JDRF's Life with Diabetes E-Newsletter Special Edition January 2010
JDRF in Groundbreaking Partnership with Animas to Develop First-Generation Artificial Pancreas System
The development of an artificial pancreas—a fully automated system to dispense insulin to people with diabetes based on real-time changes in blood sugar levels—would be among the most revolutionary advancements in treating type 1 diabetes. Today, JDRF took the first steps on that path, with the groundbreaking announcement of an innovative partnership with Animas Corporation, a Johnson & Johnson company that is a leading pump manufacturer, to develop a first-generation artificial pancreas: an automated system to help people with type 1 diabetes better control their disease.
The objectives of the partnership, a major industry initiative within the JDRF Artificial Pancreas Project, are to develop an automated system to manage diabetes, conduct extensive clinical trials for safety and efficacy, and submit the product to the U.S. Food and Drug Administration (FDA) for approval.
First Steps Towards an Artificial Pancreas
“If successful, the development of this first-generation system would begin the process of automating how people with diabetes manage their blood sugar,” said JDRF President and CEO Alan Lewis. “Ultimately, an artificial pancreas will deliver insulin as needed, minute-by-minute, throughout the day to maintain blood sugar within a target range. But even this early system could bring dramatic changes in the quality of life for the three million people in the U.S. with type 1 diabetes, beginning to free kids and adults from testing, calculating, and treating themselves throughout the day and night.”
New Automated SystemThe first-generation system would be partially automated, utilizing an insulin pump connected wirelessly with a continuous glucose monitor (CGM).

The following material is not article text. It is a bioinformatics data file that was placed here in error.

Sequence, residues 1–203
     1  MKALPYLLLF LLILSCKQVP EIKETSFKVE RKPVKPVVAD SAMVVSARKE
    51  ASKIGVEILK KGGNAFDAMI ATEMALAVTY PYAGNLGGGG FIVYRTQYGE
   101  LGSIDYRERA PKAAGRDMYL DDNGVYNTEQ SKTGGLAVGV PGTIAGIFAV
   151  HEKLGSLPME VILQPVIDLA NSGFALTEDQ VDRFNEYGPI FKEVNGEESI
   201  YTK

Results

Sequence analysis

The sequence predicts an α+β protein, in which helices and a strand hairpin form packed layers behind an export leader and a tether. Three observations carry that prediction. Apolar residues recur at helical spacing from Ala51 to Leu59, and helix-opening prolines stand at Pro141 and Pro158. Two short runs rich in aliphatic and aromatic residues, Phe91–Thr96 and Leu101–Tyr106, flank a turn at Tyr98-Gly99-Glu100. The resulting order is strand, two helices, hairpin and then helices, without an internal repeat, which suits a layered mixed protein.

The CGM continuously reads glucose levels through a sensor with a hair-thin sensor wire inserted just below the skin, typically on the abdomen. The sensor would transmit those readings to the insulin pump, which delivers insulin through a small tube or patch on the body.
The pump would house a sophisticated computer program that will address safety concerns during the day and night, by helping prevent hypoglycemia and extreme hyperglycemia. It would slow or stop insulin delivery if it detected blood sugar was going too low and would increase insulin delivery if blood sugar was too high.
Here’s an example of how this first-generation device would work: The wearer will still need to manually tell the pump to deliver insulin at times, such as around meals, and adjust insulin delivery rates based on activity, illness, and other variables. But the system would “treat to range,” that is, try to keep blood sugar within a set range between, for example, 80 mg/dL and 180mg/dL by automatically increasing insulin delivery when it senses blood glucose going above the high end of the range, and slowing down or turning off insulin delivery when it sensed blood glucose levels moving below the low end of the range.